‘Sugar Mountain,’ at over six minutes and with only Young’s voice and acoustic guitar, lags a little, but it also taps into a wonderful reminiscence. Although nostalgia is an odd form for a young guy, this is the same writer who subsequently wrote “Old man, look at your life, I’m a lot like you.”


“Bon Appetit” – Katy Perry and Migos

Katy Perry is no stranger to sex-as-food metaphors (the molten popsicles of “California Gurls,” the whipped cream-shooting bras of her touring act) or even protracted, over-the-top sexual metaphors (the molten popsicles of “Peacock”). So when a phrase about being “spread like a banquet” emerges on her new track, we know she’s back to her old Perry obsessions, rather than scrounging for a chuckwagon commercial. But she’s never gone as far as she does in “Bon Appetit,” a joyously ludicrous exercise in chewing the comedy scenery by depicting female sexuality as a four-course-plus meal. Perry’s bombardment of carnal/culinary one-liners may leave you undecided whether to laugh or gag; the song should come with its own Heimlich technique, just in case.


“Cookie Jar” – Gym Class Heroes

Gym Class Heroes may be credited as being particularly imaginative in their approach to creating this song. We’ve had to listen to misogynist hip-hop musicians glamorize their adulterous lifestyles with uninspired lyrics for years, but Gym Class Heroes have demonstrated that you can dehumanize and humiliate women in a unique and original way.

In this song about food, who’d have guessed that women might be compared to the various types of cookies contained in the cookie jar? ‘Butter Pecan Puerto Ricans,’ ‘Oatmeal Raisin Asians,’ ‘Hazelnut Brazilians,’ and ‘Macadamia Caucasians,’ according to Gym Class Heroes. They also like ladies, comparing them to ‘double stuffed or thin mint’ cookies. But, as they so brilliantly put it, it doesn’t seem to matter what flavor your cookie is as long as you receive it.


“The Ketchup Song” – Las Ketchup

The original version of this song about food was released in “Spanglish” in the year 2002. If you went on vacation to Europe in summer or were within spitting distance from a soundbox, you’ve probably heard this song before. Las Ketchup is a band of a trio of slightly odd-looking women from Spain. The video of this “Song About Food” includes dance moves (wiggle your hands, lift your thumb, raise your arms, bang your knees together) as well as a sunny film in which the trio serve drinks at a beach bar.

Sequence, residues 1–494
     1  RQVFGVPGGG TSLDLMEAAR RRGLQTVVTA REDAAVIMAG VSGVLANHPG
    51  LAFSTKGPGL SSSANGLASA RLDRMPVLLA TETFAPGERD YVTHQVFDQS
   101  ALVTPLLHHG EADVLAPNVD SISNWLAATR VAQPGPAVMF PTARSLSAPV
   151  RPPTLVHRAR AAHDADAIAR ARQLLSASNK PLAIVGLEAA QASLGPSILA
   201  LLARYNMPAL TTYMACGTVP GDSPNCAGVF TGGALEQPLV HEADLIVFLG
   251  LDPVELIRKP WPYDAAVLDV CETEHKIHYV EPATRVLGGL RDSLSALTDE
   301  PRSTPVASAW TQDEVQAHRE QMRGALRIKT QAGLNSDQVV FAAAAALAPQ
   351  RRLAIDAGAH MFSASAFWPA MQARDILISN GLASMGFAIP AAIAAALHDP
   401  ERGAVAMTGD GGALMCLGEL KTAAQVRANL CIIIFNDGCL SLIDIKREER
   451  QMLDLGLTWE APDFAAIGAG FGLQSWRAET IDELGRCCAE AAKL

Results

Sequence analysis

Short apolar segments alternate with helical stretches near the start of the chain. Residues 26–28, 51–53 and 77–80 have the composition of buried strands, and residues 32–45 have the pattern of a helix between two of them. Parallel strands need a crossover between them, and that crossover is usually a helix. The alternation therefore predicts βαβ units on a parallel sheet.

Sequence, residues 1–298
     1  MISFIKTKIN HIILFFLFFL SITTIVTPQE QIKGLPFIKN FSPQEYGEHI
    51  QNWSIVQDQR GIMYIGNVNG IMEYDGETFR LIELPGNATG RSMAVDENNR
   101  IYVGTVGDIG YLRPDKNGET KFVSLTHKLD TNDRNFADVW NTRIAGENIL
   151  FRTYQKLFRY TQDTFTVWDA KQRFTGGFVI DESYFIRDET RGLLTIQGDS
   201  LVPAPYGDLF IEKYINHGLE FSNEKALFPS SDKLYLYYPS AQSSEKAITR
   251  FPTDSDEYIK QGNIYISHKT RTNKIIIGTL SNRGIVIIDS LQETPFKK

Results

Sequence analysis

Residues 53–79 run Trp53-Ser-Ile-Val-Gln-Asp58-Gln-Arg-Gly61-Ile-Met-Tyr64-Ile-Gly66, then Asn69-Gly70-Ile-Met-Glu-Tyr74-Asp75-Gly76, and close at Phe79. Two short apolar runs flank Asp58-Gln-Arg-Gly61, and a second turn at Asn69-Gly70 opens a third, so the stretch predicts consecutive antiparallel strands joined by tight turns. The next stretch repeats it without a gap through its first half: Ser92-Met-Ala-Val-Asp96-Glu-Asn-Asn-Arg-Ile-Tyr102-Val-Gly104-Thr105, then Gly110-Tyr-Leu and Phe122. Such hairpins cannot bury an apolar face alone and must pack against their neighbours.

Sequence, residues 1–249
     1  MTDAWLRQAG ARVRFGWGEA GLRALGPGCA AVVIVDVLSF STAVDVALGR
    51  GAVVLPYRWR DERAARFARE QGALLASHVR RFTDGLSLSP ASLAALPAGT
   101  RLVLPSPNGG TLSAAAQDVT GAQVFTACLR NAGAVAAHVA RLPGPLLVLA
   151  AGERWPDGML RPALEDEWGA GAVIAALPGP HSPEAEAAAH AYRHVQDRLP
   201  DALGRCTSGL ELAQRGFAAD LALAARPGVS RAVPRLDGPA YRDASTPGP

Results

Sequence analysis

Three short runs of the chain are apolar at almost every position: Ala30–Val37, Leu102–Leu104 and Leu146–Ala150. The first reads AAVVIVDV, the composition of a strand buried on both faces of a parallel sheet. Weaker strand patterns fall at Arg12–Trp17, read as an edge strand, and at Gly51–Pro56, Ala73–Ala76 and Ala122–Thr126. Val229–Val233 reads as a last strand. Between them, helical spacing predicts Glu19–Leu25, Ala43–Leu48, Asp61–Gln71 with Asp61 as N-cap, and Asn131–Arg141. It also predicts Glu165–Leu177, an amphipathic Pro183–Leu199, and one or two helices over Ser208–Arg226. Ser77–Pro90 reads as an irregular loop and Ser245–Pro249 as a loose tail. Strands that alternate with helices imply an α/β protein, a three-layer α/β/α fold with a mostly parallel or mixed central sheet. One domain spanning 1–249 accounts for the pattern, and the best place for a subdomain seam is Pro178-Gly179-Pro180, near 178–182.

The chorus of this song has an interesting story behind it. Diego, a young man, walks into a nightclub. “Rapper’s Delight” by the Sugarhill Gang, is played by the DJ, who is a friend of Diego’s. Diego dances and sings along to the song, copying the chorus with Spanish gibberish. As a result, “Aserejé” is a nonsensical term, and the chorus “Aserejé, ja, de je, de jebe tu de jebere…” is a clumsy parody of the Rapper’s Delight’s “I said a hip-hop, the hippie the hippie to the hip hip hop…”

“The Ketchup Song” got its title as a reference to the band’s name which is “Las Ketchup”, loosely meaning “The Ketchup Song” from the band “Las Ketchup.”


Conclusion

Food has been used in songs in many different ways by artists. A title of a song with food might not actually mean that artist will talk about food in the song. Food items are often used as figures of speech to apprehend the imagination of the artist. Every song about food has its own distinct concept of the hypothetical representation of the artist.

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Arifur Rahman
Hello, my name is Arifur Rahman. I am a guitarist & music composer. I write about music & guitar at Calibbr.